Users in the United States are overwhelmingly responsible for racially and ethnically motivated violent extremism (REMVE) discourse online. Strategies that focus on organizations or individuals likely will not work to counter REMVE because the movement is diffuse and leaderless.
Evaluation of funding (Versterkingsgelden) by the Netherlands government intensifying local preventive measures in combating radicalisation, (violent) extremism and terrorism allocated to municipalities where these issues are most prevalent.
An analysis of White identity terrorism and racially or ethnically motivated violent extremism discourse on social media finds that this content is largely created and fueled by users in the United States. A national strategy to counter these threats is needed.
This weekly recap focuses on the internet's role in stoking extremism and hate, how Russia has failed its military personnel, a research roadmap to help prevent police killings in the United States, and more.
The cover story explores what prison-based programs are available to help incarcerated parents and their children. Another feature examines ways to help social media users navigate the online extremist ecosystem.
Extremist groups have been trolling the internet for decades, and they have learned to temper their words and disguise their intentions. A new scorecard can help users—or parents, or advertisers, or the social media companies themselves—understand when they might be interacting with extremist content.
Extremist content can be found in all corners of the internet. How do the characteristics of online spaces contribute to individual radicalization? And how may the internet have helped foster conditions that contributed to the January 6 attack on the U.S. Capitol?
Extremist groups use internet-based tools for financing, networking and coordination, recruitment and radicalization, inter- and intra-group knowledge transfer, and mobilization to action. How do internet users engage with these efforts? And can the internet be leveraged to counter extremism?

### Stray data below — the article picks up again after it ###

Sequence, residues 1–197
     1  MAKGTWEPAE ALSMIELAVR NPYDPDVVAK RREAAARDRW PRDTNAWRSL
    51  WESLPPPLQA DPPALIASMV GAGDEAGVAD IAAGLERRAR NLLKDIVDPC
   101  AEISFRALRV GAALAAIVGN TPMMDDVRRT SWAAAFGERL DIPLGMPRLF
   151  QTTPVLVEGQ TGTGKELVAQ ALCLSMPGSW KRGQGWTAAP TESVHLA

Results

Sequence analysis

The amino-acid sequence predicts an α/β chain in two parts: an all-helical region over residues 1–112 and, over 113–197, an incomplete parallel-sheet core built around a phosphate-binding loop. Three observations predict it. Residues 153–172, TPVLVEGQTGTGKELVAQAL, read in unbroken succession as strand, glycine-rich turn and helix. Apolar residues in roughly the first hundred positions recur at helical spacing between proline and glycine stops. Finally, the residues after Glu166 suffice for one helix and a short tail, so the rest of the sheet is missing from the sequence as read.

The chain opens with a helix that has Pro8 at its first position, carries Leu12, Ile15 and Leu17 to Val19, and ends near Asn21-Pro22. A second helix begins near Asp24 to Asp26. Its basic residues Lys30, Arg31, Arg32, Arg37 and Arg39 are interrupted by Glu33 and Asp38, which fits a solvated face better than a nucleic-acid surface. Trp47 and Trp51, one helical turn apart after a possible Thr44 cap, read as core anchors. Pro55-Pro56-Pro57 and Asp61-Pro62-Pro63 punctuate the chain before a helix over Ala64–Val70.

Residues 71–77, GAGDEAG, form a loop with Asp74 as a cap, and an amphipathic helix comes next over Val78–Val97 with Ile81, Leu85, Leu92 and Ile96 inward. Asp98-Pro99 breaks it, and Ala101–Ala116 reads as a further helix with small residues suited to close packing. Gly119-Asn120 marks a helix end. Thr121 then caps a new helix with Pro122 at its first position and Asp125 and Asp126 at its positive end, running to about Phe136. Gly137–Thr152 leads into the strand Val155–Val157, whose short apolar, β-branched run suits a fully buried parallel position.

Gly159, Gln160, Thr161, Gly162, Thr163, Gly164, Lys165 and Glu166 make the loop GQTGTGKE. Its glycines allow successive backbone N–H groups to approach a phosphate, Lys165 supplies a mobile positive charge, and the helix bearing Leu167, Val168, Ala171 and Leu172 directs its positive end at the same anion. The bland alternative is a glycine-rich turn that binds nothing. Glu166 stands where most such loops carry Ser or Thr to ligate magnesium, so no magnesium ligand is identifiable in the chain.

This study examines the measures to prevent terrorist attacks with vehicles to improve the evidence on attacks that have occurred since 2013 and understand what measures could be employed to prevent or mitigate such attacks in the future.
RAND artist-in-residence Gabrielle Mérite has created visual essays that show the personal experiences of individuals involved with violent extremism. These essays are based on interviews that RAND researchers conducted to learn more about what leads people to join—and later leave—extremist groups.
Why do former extremists feel drawn back to radical ideological thoughts and long for reengagement with the movements they left? Is it like an addiction? There could be opportunities to apply lessons from addiction research and treatment to efforts to counter hate and violent extremism.
As another extraordinary year draws to a close, we continue to believe that objective, nonpartisan research and analysis has a key role to play in navigating what continues to be a difficult time. Here are the 10 research projects that resonated most with rand.org readers in 2021.
Vaccine rollouts, an attack on the U.S. Capitol, massive ransomware attacks, the withdrawal from Afghanistan, record numbers of job openings and people quitting, and more. RAND researchers weighed in on all these topics and more.